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To clarify whether physical activity among older Americans is associated with depressive symptoms, beyond the effects of social network type, physical health and sociodemographic characteristics.
The analysis used data from a sub-sample, aged 65–85, from the National Social Life, Health and Aging Project (N = 1,349). Hierarchical regressions examined the respective effects of selected network types and extent of engagement in physical activity on depressive symptoms, controlling for physical health and sociodemographic background.
The findings showed that physical activity was correlated inversely with late life depressive symptoms. However, when interaction terms for the selected social network types and the extent of physical activity were also considered, the main effect of social network on depressive symptoms increased, while that of physical activity was eliminated.
The results show that older American adults embedded in family network types are at risk of limited physical activity. However, interventions aimed to increase their engagement in physical activity might help to reduce depressive symptoms within this group.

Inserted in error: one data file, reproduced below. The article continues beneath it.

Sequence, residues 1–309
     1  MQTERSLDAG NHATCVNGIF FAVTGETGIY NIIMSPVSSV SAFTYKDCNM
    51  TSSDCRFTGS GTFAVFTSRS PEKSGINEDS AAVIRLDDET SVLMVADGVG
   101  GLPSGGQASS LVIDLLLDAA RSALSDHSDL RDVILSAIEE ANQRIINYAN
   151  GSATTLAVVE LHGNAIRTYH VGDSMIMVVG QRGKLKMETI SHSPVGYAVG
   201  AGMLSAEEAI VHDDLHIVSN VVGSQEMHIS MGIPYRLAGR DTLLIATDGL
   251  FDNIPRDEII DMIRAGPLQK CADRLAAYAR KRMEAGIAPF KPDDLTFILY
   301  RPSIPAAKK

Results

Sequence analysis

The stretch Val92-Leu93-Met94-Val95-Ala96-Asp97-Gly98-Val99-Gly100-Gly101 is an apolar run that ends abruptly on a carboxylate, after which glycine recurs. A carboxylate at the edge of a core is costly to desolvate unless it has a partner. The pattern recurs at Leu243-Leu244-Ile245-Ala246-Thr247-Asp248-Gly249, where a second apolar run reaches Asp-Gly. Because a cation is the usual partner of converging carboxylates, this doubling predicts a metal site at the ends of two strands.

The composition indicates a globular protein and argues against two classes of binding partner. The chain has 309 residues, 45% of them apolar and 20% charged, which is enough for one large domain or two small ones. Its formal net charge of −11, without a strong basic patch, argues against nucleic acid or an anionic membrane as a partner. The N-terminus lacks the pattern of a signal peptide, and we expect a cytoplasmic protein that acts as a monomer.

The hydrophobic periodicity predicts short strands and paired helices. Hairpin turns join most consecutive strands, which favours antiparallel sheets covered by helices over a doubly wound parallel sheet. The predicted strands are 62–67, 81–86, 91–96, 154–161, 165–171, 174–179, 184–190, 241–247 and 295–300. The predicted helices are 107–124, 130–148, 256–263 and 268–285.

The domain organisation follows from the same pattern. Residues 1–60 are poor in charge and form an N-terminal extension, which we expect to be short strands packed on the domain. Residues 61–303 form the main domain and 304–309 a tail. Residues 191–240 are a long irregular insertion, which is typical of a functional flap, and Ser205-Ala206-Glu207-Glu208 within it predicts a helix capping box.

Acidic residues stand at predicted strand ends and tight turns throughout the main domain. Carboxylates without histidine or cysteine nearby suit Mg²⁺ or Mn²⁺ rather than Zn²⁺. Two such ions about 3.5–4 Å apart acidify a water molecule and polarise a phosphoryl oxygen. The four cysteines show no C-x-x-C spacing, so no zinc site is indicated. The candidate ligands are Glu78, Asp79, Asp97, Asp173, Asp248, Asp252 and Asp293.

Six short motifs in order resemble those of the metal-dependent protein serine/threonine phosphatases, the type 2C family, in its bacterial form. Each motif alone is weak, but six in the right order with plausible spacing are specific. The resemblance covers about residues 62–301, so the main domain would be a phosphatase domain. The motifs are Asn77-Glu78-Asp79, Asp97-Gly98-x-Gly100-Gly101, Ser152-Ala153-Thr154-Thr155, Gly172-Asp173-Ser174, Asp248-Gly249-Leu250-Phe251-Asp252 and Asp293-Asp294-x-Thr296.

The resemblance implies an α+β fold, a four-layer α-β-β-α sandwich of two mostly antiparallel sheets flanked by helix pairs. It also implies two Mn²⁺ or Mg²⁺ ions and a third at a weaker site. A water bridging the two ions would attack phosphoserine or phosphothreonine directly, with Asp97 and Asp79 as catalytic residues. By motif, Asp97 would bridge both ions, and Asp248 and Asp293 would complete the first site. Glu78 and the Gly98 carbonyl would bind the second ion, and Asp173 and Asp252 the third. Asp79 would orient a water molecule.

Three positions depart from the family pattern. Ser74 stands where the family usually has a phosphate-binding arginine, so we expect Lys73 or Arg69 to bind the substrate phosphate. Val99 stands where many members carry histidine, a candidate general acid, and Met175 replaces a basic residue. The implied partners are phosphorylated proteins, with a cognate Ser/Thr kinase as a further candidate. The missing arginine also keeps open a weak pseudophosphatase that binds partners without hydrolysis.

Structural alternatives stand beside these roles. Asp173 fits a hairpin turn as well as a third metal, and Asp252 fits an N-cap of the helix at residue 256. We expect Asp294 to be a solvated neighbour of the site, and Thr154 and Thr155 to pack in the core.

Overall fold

Depressive symptoms in late life are related to many factors. They may be the result of major life course events and/or the effects of cumulative lifelong adversity. Both of these pathways may be related to one’s sociodemographic background and/or to one’s health status, as well as to the interplay between background and health. Social networks are another important factor related to late life depression. Social ties can be supportive and can thus buffer the stress of adverse life events, countering the onset of depressive symptoms or mitigating their negative effect. However, social ties can themselves be the source of stress and may, in turn, contribute to poorer mental state.
A somewhat less explored area in relation to depressive symptoms is the area of physical activity in late life. Proponents of physical activity maintain that exercise is good for older people physically, and they see such activity as also promoting good mental health. In contrast, there are those who hold that one’s proclivity to engage in physical activity is a concomitant of having good mental health. Stated otherwise, this suggests that older people who are depressed are less likely to engage in sport or exercise.